On September 7, 2017 Equifax announced that approximately 143 million US consumers have been potentially impacted by a cybersecurity incident within their institution. Based on the investigation a US website application was exploited and certain files were accessed from mid-May through July 2017. The files included very sensitive information such as: Social Security numbers, birth dates, addresses and driver’s license numbers. Additionally, approximately 209,000 consumers credit card numbers, 182,000 dispute documents with personal identifying information of US consumers were also found to be breached.
Equifax also reported that there is limited personal information for specific UK and Canadian residents that were found to have been accessed by unauthorized persons. For now, no other country residents have been impacted by this breach. Equifax only discovered the unauthorized access of their database on July 29 of this year. They have hired an independent firm to assist and they have notified law enforcement although they claim that the investigation is almost complete and will be ending in a few weeks.
I urge everyone to go to www.equifaxsecurity2017.com to verify whether your information has been impacted. When you get to this page scroll to the bottom and click on the potential impact tab. The next page will have another tab that you need to click on, check potential impact. You will be directed to another page where you will need to enter your last name and the last six-digits of your Social Security number. You will also need to check the “I’m not a robot” box then click on the continue tab.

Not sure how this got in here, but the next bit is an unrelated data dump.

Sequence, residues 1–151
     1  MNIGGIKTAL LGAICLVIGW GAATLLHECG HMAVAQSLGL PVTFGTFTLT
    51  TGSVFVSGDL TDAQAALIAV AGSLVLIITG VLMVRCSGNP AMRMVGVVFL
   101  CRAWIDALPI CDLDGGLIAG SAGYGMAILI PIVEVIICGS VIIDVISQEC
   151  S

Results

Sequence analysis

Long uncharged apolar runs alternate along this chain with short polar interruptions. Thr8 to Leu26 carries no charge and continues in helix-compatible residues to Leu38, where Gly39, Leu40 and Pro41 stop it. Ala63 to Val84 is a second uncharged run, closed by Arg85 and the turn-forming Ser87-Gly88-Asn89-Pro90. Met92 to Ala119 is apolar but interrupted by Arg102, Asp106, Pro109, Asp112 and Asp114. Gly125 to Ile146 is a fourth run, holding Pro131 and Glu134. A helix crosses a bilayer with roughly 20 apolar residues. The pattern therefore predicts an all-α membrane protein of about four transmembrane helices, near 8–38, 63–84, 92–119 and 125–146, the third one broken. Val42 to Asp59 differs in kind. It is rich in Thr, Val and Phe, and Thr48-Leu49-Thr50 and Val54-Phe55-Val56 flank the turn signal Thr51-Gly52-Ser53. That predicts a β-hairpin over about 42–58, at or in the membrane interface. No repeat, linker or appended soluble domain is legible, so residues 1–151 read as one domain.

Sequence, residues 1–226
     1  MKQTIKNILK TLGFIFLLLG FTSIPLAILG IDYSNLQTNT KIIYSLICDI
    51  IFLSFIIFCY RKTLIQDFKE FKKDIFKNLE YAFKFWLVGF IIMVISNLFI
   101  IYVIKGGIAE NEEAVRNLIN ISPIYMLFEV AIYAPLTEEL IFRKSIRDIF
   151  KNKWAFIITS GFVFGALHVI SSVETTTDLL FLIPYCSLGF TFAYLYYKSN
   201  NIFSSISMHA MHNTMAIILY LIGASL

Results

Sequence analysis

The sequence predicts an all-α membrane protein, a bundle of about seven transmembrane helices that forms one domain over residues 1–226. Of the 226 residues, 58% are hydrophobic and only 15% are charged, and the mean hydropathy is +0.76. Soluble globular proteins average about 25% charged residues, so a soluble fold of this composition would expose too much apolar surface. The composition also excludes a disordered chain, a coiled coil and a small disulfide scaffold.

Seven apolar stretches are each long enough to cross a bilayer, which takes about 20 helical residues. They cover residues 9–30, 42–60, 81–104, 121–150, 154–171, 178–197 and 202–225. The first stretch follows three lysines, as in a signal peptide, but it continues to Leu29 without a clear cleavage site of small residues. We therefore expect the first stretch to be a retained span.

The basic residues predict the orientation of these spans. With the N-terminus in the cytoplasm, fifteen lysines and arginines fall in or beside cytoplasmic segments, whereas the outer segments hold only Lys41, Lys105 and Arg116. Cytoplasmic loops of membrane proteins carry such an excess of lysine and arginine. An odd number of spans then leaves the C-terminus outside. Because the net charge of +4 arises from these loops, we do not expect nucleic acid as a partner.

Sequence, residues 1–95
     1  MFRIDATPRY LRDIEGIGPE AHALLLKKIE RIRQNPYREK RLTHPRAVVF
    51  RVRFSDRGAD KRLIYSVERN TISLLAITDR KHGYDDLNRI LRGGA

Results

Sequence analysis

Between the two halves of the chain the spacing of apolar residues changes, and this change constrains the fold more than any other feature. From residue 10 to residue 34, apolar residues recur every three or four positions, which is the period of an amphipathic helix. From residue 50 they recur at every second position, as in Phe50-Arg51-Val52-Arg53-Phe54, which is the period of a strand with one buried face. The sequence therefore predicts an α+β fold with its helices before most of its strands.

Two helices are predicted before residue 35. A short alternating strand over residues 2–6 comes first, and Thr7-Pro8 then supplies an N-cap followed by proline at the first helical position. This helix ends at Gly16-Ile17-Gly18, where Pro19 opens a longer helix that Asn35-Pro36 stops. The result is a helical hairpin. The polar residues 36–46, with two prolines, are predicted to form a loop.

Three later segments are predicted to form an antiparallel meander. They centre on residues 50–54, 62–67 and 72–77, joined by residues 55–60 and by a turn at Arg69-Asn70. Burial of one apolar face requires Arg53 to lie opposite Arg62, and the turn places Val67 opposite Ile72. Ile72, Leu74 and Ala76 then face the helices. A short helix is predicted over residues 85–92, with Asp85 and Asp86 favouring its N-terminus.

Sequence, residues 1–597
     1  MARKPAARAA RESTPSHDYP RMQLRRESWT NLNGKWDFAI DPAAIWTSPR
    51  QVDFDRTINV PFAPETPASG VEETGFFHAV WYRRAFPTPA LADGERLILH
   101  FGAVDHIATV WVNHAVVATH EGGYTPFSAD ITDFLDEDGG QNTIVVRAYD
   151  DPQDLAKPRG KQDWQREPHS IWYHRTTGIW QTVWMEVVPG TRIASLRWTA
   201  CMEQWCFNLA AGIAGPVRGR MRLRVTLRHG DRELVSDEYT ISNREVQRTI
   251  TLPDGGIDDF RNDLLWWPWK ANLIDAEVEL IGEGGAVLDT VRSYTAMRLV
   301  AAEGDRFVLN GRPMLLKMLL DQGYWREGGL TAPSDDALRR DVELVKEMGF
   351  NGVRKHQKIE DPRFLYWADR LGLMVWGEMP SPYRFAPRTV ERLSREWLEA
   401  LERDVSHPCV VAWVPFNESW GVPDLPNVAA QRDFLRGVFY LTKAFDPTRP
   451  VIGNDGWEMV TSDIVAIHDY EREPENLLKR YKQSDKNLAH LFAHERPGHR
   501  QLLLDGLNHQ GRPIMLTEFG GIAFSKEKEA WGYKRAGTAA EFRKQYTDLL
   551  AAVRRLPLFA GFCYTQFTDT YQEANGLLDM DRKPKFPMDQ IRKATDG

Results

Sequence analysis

Unfortunately, I am one of the 143 million US consumers whose sensitive information has been impacted. Equifax is providing a complimentary TrustedID Premier subscription for those that are affected. After the system notifies you that your information has been breached you are issued a date to come back to the Equifax website to complete enrollment. My date was 2 days later. In the meantime, I recommend freezing your credit reports as I did. Equifax’s system would not allow me to freeze my reports but I did do so with Experian and Transunion. I also reviewed my credit reports with a fine-toothed comb. In addition to that I put a fraud alert on my credit reports. You can never be too careful. To easily check all three of your credit reports simultaneously you can do so at MyFico.com or CreditRepair.com or MyFreeScoreNow.com.
If anyone has any questions for me please don’t hesitate to ask. You only get one identity. I will be checking for updates and will be posting them as they are made available. I am available if anyone needs any clarification at all.